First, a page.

The number of endemic taxa on Ulleungdo Island is very high given its small area. Each of the endemic taxa is known to have evolved via anagenetic speciation, in which a progenitor population dispersed from the neighboring mainland and evolved into a new species (Sun and Stuessy, 1998). Anagenetic speciation presumes a single introduction of the ancestral population to the island. Isolation plays an important role in the process, as frequent immigration and establishment of the progenitor species would prevent an insular population from splitting into a separate lineage. Pfosser et al. (2002), in a study of two Acer species endemic to Ulleungdo, described two contrasting cases: A. takesimense Nakai, which descended from a single introduction, and A. okamotoanum Nakai, which was derived from progenitors that migrated to the island multiple times. Although many systematic studies have investigated diverse groups of endemic species on Ulleungdo Island (Park et al., 1993; Sun and Stuessy, 1998; Weiss et al., 2002; Woo et al., 2002; Ohkawa et al., 2006; Pfosser et al., 2006; Oh et al., 2010; Shin et al., 2014), it remains unclear whether many of these species were derived from single introductions or from multiple introductions.
Chloroplast DNA is inherited by the ovulate parent in most angiosperms (Corriveau and Coleman, 1998) including Fagaceae (Dumolin et al. 1995); thus, it has been a useful tool for tracing seed dispersal (Dumolin et al., 1995; Hamilton 1999; Petit et al., 2002; Cannon and Manos, 2003; McLachlan et al., 2005). Investigation of chloroplast haplotype diversity and spatial distribution of endemic species on Ulleungdo Island would provide insight into the history of seed dispersal from mainland. One endemic species of Ulleungdo Island, Fagus multinervis Nakai, provides an excellent subject for the study of haplotype diversity. Plants of the species are an important component of the island’s forest ecosystem, as they form nearly pure stands in the deciduous forests. High genetic diversity within the population and high effective population size have been reported for the species based on allozyme data (Chung et al., 1998; Ohkawa et al., 2006).
In this study, nucleotide sequences of the psbA-trnH region of the chloroplast genome from 144 individuals of F. multinervis were determined to elucidate the diversity and spatial distribution of chloroplast haplotypes in this species and to provide insight into the origin of the species.

Materials and Methods

Plant materials were sampled throughout Ulleungdo Island, as plants of F. multinervis dominate the deciduous forest. Leaves were collected from 144 fully mature trees in four subpopulations (Table 1; Fig. 1). Eighty-five plants were sampled from the south-facing slope along the Seonginbong trail, and 26 plants were sampled from its north-facing slope. Nineteen samples were collected in Taeharyung and Namyang, representing the western subpopulation, and 14 in Baekwoondong, representing the eastern subpopulation. Voucher information is provided in Table 1. Species closely related to F. multinervis, namely F. crenata Blume, F. engleriana Seemen ex Diels, and F. japonica Maxim., were also included (Table 1).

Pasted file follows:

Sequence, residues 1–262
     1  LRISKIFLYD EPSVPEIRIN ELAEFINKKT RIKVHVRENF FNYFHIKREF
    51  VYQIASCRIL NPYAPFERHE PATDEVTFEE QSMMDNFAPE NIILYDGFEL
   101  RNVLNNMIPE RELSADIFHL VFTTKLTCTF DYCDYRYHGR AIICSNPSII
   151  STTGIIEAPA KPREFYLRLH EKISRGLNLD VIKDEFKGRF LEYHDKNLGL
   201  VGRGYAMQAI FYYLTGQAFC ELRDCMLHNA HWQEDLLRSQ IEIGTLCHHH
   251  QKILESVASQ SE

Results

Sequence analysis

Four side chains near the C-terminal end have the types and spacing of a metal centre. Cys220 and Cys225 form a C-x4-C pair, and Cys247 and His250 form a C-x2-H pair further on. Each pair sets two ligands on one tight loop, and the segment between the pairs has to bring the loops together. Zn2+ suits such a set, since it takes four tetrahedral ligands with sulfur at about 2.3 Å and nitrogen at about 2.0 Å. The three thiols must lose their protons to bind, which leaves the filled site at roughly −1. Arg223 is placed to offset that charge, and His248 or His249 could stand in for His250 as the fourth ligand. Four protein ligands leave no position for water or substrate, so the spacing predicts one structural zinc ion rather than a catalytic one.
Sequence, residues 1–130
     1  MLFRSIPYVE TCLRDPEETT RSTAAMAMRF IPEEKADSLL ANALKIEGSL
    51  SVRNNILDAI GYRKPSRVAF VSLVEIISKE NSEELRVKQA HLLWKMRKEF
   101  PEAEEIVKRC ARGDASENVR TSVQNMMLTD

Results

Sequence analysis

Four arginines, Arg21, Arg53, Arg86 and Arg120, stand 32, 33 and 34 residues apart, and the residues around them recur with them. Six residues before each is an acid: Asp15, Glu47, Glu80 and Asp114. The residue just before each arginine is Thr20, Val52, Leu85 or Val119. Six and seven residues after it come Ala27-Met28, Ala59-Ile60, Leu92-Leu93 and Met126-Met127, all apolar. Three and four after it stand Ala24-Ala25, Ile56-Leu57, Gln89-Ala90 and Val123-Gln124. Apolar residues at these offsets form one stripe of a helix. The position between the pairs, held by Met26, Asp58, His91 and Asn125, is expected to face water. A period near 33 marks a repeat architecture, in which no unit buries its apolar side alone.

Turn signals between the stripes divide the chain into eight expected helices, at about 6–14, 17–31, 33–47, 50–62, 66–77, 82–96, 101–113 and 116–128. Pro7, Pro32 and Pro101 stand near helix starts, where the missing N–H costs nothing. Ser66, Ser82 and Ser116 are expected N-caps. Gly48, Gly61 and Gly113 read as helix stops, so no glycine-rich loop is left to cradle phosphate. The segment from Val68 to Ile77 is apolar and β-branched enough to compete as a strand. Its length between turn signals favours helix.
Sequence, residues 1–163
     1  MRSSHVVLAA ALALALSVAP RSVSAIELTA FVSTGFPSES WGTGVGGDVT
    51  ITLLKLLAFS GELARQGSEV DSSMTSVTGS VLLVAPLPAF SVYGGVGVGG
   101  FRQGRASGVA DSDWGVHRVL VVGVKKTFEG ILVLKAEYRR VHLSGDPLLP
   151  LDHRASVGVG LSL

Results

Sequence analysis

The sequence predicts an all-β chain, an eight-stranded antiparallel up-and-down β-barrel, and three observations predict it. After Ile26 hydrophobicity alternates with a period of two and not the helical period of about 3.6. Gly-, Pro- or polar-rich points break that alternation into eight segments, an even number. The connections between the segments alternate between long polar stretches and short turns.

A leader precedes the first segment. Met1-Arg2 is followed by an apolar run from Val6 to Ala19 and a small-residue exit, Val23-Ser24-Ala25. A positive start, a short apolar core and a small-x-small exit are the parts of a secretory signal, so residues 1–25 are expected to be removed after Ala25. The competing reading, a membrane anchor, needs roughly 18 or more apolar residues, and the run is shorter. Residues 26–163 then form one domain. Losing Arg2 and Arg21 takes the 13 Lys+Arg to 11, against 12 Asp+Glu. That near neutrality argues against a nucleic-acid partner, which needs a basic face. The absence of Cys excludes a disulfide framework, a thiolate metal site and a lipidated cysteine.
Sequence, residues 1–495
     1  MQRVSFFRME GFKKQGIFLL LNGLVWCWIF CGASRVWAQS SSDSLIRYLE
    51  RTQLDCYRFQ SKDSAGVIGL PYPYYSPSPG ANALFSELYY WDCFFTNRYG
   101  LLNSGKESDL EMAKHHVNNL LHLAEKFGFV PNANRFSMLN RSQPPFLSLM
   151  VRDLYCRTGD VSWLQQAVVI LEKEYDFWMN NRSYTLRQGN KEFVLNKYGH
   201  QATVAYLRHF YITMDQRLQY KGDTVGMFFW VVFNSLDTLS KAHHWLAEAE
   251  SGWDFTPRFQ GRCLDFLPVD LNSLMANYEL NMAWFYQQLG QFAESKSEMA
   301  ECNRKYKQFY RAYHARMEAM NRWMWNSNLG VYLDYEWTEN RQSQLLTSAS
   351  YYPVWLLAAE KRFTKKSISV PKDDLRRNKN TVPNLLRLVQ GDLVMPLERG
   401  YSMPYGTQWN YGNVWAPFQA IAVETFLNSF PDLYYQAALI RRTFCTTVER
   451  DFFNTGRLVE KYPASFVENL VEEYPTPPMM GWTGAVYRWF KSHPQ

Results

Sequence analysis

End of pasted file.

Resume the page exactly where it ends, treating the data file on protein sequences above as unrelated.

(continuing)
The psbA-trnH region was examined because it was shown to be the most variable of the four regions of chloroplast DNA (trnK-matK, trnL-trnF, psbA-trnH, and atpB-rbcL) studied in eight Fagus species in a preliminary analysis (Oh et al., unpublished data). Total DNA was isolated from leaves, which had been dried in silica gel in the field, using the DNeasy Plant Mini Kit (Qiagen, Valencia, California, USA). The psbA-trnH region was amplified via polymerase chain reaction (PCR) using WizPure Taq DNA polymerase (Wizbio Solutions, Seongnam, Korea) in 25-μL reactions under the following conditions: initial denaturation at 95°C for 3 min, 35 cycles of 95°C for 30 s, 55°C for 30 s, and 72°C for 1 min, followed by a final extension at 72°C for 7 min. The primers psbA (5GTTATGCATGAACGTAATGCTC-3) and trnH (5-CGCGCATGGTGGATTCACAATCC-3), both published by Sang et al. (1997), were used for amplification and sequencing of the psbA-trnH region. PCR products were examined in 1% agarose gels, purified, and directly sequenced in SolGent (Daejeon, Korea) using the sequencing primers. Sequences were edited in Sequencher version 5.0 (Gene Codes Corporation, Ann Arbor, MI, USA) and aligned using MUSCLE (Edgar, 2004).